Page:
A toddler with a genetic condition so rare that only two other kids in the United Kingdom have been diagnosed with it is having her hair shaved off for her own safety.
Sydney Miller, aged two-and-a-half, is described by her mum as just like a newborn baby due to Primrose Syndrome, which impacts only 50 children around the world.
Mum-of-five Stacie Miller, 36, said the child showed no signs of being any different from other babies when she was born, on March 18 2020, just before the first lockdown.
The first sign that something was up was that Sydney could not open one of her eyes, prompting fears she may have been born without an eyeball.
She was diagnosed with Horner Syndrome, where one eye is blue and one is brown, which is an indicator of an underlying condition – which sparked a string of appointments as medics tried to work out what was wrong.
A doctor who treated Sydney had been to a seminar on Primrose Syndrome, which is so rare that even healthcare professionals have to read about it on Google.
Sydney is non-verbal and her parents do not know if she will ever talk.
In January she was given two hearing aids because the inner ear has not fully developed, meaning she has hearing loss.
She cannot crawl or pull herself up, so Stacie has to carry her around, but she only weighs 20lbs, as much as a six-month-old baby – and her mum said children with the syndrome bear a physical resemblance to each other in a way similar to Down’s.
Stacie and husband Stuart, 47, are self-employed and run a wedding car business in Dunbar, East Lothian, Scotland.
Sydney is now starting to attend an additional-needs nursery where she has an occupational therapist and a physiotherapist on-site and healthcare workers around.
Stacie, from Prestonpans, East Lothian, said the family are unsure what the future holds due to the rarity of the illness, which was initially feared to be cancer.
Stacie said: “When Sydney was born she didn’t look any different to any of my other children.
“As the weeks went on she wouldn’t open one of her eyes and it was thought it might be a blocked tear duct.
“Then they thought she might be missing an eyeball.
“She was diagnosed with Horner Syndrome which means one eye is blue and one is brown and it makes her sweat on one side of her body, sometimes she will be red and white.
“She was sent for an MRI scan which ruled out neuroblastama, then they started doing genetic testing.
“A genetics doctor who had seen her had been at a seminar on Primrose Syndrome, and he said before the tests came back that he thought that was what it was.
“It is very very rare, there are only 50 children with it worldwide.”
Due to a pituitary cyst, Sydney may need hormone therapy when she gets older.
Stacie added: “She is non-verbal and we don’t know if she will be able to talk.
“She can’t crawl and she can’t stand.
“There is so little research into Primrose Syndrome because it is such a rare illness, the main characteristic is muscle wastage and scolioisis and autism.”
The couple realized Sydney’s hair was posing a danger to the child when Stacie took a photo of her and realized there were bald patches on her head.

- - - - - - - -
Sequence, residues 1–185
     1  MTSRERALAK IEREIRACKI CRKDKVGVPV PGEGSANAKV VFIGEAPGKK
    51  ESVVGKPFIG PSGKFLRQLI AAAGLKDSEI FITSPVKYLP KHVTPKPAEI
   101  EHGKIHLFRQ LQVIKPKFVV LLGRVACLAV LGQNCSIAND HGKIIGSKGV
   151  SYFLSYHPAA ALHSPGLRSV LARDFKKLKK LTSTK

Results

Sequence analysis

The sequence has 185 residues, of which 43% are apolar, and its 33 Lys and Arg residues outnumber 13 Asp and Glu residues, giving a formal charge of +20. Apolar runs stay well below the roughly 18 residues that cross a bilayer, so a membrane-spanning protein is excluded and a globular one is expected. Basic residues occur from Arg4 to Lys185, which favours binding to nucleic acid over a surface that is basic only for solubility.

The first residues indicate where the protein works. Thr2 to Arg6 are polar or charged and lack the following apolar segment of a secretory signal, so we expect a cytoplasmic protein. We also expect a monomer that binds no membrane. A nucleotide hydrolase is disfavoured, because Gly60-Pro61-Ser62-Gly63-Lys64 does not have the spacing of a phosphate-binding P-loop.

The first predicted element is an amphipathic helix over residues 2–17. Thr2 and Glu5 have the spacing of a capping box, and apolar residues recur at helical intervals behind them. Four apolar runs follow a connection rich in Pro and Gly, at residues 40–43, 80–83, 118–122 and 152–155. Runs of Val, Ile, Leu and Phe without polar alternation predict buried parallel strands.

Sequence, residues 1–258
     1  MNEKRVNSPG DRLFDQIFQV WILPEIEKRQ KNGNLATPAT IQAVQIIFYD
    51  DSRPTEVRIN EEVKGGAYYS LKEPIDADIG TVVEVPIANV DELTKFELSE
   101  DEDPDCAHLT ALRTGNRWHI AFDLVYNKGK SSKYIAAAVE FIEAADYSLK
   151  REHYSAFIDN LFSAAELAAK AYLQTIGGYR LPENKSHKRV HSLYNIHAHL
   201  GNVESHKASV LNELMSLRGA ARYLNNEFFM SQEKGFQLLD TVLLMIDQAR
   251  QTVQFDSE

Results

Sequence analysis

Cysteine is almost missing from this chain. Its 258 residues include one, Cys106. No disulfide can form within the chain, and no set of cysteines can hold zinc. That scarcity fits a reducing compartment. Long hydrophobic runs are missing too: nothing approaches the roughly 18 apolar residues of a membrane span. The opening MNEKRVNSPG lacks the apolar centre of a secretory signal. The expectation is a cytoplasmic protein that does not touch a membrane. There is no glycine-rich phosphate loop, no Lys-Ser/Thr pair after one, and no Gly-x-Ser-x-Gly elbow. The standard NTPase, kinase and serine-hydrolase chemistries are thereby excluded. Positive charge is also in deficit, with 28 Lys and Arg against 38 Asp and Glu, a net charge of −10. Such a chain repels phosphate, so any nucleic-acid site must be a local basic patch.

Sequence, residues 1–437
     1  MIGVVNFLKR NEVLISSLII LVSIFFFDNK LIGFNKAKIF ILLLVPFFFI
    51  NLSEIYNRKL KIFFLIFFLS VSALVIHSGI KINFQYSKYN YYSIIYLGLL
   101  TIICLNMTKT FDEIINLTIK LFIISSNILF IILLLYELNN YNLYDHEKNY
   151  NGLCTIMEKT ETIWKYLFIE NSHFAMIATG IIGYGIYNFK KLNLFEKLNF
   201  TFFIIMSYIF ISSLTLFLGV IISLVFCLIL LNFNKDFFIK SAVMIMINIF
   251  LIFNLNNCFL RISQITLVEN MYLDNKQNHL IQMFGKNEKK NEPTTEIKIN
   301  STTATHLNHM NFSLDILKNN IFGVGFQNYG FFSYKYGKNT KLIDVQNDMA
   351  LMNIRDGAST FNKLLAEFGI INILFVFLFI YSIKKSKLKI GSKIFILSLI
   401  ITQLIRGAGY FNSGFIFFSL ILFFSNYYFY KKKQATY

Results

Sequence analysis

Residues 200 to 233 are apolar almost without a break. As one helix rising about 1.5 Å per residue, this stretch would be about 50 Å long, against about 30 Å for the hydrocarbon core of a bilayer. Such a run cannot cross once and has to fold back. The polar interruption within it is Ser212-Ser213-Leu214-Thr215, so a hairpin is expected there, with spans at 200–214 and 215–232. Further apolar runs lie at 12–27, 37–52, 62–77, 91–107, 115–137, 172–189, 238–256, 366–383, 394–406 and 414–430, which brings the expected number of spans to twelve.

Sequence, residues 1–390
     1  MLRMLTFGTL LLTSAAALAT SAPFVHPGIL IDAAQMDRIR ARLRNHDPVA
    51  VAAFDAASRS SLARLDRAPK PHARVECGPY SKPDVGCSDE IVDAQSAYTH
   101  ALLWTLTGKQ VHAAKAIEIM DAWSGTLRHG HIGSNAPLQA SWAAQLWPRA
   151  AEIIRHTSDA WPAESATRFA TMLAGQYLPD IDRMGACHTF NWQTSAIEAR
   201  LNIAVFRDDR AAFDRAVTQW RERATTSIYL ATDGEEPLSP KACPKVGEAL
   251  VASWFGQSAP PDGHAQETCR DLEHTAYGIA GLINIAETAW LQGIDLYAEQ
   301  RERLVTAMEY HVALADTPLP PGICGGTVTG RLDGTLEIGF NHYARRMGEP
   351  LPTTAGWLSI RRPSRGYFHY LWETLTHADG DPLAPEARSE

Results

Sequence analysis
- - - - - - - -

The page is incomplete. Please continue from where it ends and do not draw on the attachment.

Stacie began to notice Sydney was pulling strands of hair from her scalp, which later came out in clumps.
She then began chewing it and it became entangled in the feeding button she has in her tummy.
Her hair will be shaved off on Friday to stop the risk of choking, amid hopes she will grow out of the desire to pull it out – described as ‘looking for feedback’, which also includes high pitched screaming and banging her heels until they are bruised.
Sydney has an unusually high pain threshold and when her full set of teeth emerged aged six months she wasn’t bothered by teething.
However, she was getting through a dummy a day as she couldn’t stop munching on them, and her parents feared they posed a choking risk.
Her full diagnosis is of Primrose syndrome, Horners syndrome, Harlequin syndrome, Partial agenisis of the corpus collosum [brain undeveloped before birth], Pituitary cyst, Macrocephaly [abnormally large head], bilateral hearing loss mild/moderate, global development delay, and non-verbal and non-mobile.
Sydney requires gastrostomy, or G-button feeding.
Stacie said: “She is really happy, she never cries unless she is really unwell.
“When she smiles it lights up the room.
“It is hard to predict because we don’t know what to expect.
“All the health professionals have had to Google Primrose Syndrome so we are very limited with what we actually know, it was only discovered in the 80s.”
Sydney was treated at the Edinburgh Sick Kids Hospital, and will start nursery properly when she is three.
Stacie said: “Covid was really tough as only one parent was allowed in hospital and I was trying to feed back to Sydney’s dad what I’d been told.”
She said the family include Sydney in all their activities, and will be taking her to Turkey on vacation in July.
She has been to the cinema and to music festivals, along with siblings Carson, 7, Pree, 12, Bradley, 14, and Mackenzie, 15.
They are looking forward to being able to move to a bigger house, as the three-bed home where they live is cramped with Sydney’s equipment and has 21 steps in front.
Stacie said: “If she had had a better-known condition it would have been easier.
“Nobody knows day to day what her needs will be.
“She’s very small for a child her age and she curls up, she’s like a newborn baby.”
The family are fundraising for another toddler, Flora Gentleman, aged three, who needs cancer treatment abroad.
Stacie said: “Everybody is so interested in Sydney, she’s got so many followers on Facebook.
“I’ve set up a Facebook just for her so people can keep up to date with her condition and treatments.”
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